Is It The End Of The Road For Low Priced Istanbul Property?

Istanbul Property Arab Investors Competition is hotting up In Istanbul. When you see a boom in an emerging market, it will often attract a flood of investors from all around the world who want to get in on the action. This can often mean that all those special deals start to dry up.

If someone were to give you a 10 – 20% return on investment every 12 months I am sure that as a serious investor, you would be queuing around the block.

The Istanbul property market has been going through a boom phase for the past 3 years and the loosening of restrictions that allowed investors from more countries to purchase property has played its part in adding more rocket fuel in 2012 and at the start of 2013.

If anything the speed of growth even in January is looking to outpace that of 2012. If it is maintained for the next 12 months we could see another 11% added and there is no reason why this won’t be the case, with all the forecasts pointing towards further economic growth.

Last year saw a surge of interest from Gulf States as any restrictions on their investment in property in Turkey were lifted. This reminded me of a similar boom in East European property back in the mid- 2000s.

Only then it was Russian investors who began to move in and they were prepared to pay whatever it took to gain a piece of the action. This meant that developers became a little less willing to make deals as competition for property heated up.

Investors like to take calculated risks and when it comes to overseas property they are more likely to look closer to home and to what is familiar territory.

This is why we are seeing increasing numbers of Gulf investors looking at the benefits of investing in Turkey. Afterall its people share the same religion and the culture will be familiar to them making it feel like less of a risk.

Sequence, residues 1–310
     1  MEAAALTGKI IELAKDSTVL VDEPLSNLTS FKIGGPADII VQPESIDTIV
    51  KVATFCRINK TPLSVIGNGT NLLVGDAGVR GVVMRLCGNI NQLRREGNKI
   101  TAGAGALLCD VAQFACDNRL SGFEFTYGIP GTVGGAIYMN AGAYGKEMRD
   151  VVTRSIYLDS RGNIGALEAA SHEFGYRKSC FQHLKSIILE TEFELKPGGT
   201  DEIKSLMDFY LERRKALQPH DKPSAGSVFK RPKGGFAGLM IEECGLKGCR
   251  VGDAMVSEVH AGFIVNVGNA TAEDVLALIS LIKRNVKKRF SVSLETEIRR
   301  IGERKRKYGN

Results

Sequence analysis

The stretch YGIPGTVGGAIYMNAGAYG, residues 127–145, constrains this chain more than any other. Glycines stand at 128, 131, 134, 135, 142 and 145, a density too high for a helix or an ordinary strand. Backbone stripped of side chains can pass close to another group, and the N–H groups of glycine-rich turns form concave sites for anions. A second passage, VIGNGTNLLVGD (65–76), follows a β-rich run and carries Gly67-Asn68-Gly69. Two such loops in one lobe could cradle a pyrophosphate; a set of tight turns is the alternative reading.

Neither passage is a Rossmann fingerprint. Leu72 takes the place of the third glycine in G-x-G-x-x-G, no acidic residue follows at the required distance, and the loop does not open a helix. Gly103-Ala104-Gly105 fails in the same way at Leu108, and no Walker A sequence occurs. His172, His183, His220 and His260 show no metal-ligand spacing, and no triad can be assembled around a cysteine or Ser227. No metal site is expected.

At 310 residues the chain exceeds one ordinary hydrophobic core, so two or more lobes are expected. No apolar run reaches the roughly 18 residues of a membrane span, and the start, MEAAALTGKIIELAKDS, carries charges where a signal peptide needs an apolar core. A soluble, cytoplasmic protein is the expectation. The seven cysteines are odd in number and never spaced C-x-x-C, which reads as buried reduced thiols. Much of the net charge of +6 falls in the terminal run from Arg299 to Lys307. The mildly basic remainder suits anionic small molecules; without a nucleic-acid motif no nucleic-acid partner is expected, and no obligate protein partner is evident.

According to the FT one developer alone sold 1,300 Istanbul units to investors from Saudi Arabia, the United Arab Emirates and other Gulf states when restrictions were lifted.

Turkey’s charm offensive certainly looks to be paying off with trade between it and the UAE quadrupling to $5.2 billion in the first half of last year.

The UAE is now Turkey’s second largest trading partner after Iraq, which leaves it in the healthy position of not being reliant on struggling Europe for its economic growth. Its current account deficit has been a worry for overseas investors, however it was also reduced dramatically last year.

Istanbul, Turkey’s engine for growth stands to benefit hugely from this extra investment and with GDP growth expected to hit the 4% mark in 2013, the signs are looking good for its property market.

The only problem for property investors is they may need to pay more for property if supply fails to keep up with demand and prices continue growing at 10% or more per year. However,  it has to be said, that there is still a long way to go before the price of property in Istanbul catches up with its equivalent in Western Europe.

What are your thoughts on Istanbul’s property market this year? Please leave your comments below:

Kind Regards

Brett Tudor
Property Expert

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